Understanding Recent Stratospheric Climate Change

David W. J. Thompson, Susan Solomon

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Abstract

The long-term, global-mean cooling of the lower stratosphere stems from two downward steps in temperature, both of which are coincident with the cessation of transient warming after the volcanic eruptions of El Chichón and Mount Pinatubo. Previous attribution studies reveal that the long-term cooling is linked to ozone trends, and modeling studies driven by a range of known forcings suggest that the steps reflect the superposition of the long-term cooling with transient variability in upwelling longwave radiation from the troposphere. However, the long-term cooling of the lower stratosphere is evident at all latitudes despite the fact that chemical ozone losses are thought to be greatest at middle and polar latitudes. Further, the ozone concentrations used in such studies are based on either 1) smooth mathematical functions fit to sparsely sampled observations that are unavailable during postvolcanic periods or 2) calculations by a coupled chemistry–climate model.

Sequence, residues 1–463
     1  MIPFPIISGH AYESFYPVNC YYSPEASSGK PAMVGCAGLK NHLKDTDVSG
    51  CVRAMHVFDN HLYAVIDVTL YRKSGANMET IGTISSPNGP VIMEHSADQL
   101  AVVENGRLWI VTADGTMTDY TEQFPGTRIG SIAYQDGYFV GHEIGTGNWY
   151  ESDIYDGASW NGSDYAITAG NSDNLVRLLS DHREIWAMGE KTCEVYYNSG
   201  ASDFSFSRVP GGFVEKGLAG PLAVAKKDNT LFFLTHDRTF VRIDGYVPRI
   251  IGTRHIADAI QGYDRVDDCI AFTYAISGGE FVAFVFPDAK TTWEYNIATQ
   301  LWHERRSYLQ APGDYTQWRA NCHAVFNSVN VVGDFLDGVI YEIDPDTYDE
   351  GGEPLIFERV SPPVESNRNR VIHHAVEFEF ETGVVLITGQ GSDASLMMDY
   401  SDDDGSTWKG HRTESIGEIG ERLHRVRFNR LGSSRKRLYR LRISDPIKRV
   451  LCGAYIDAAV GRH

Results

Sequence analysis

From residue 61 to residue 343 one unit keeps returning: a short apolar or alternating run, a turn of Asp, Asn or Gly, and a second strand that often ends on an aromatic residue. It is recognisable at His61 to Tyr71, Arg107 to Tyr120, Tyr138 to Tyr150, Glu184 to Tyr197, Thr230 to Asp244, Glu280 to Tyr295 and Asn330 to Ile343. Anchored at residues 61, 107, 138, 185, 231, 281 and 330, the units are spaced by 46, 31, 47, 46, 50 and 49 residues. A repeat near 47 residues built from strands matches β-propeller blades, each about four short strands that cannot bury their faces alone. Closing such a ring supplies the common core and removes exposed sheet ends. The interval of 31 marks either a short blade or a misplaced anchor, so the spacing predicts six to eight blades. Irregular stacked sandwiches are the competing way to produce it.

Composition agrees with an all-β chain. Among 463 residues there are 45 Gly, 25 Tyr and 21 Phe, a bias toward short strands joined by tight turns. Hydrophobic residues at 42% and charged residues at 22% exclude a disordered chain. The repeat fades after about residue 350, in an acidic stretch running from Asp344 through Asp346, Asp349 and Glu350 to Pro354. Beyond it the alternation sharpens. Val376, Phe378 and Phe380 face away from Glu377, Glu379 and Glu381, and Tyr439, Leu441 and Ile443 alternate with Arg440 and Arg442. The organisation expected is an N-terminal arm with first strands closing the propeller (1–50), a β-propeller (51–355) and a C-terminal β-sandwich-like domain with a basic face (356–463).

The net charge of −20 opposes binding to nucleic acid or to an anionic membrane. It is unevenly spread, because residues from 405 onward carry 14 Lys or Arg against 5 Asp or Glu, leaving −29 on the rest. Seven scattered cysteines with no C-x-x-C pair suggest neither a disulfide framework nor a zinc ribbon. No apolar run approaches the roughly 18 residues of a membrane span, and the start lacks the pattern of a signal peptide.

Here the authors provide observational analyses that yield new insight into three key aspects of recent stratospheric climate change. First, evidence is provided that shows the unusual steplike behavior of global-mean stratospheric temperatures is dependent not only upon the trend but also on the temporal variability in global-mean ozone immediately following volcanic eruptions. Second, the authors argue that the warming/cooling pattern in global-mean temperatures following major volcanic eruptions is consistent with the competing radiative and chemical effects of volcanic eruptions on stratospheric temperature and ozone. Third, it is revealed that the contrasting latitudinal structures of recent stratospheric temperature and ozone trends are consistent with large-scale increases in the stratospheric overturning Brewer–Dobson circulation.
Original languageEnglish
Pages (from-to)1934–1943
Number of pages10
JournalJournal of Climate
Volume22
Issue number8
DOIs
Publication statusPublished - 15 Apr 2009

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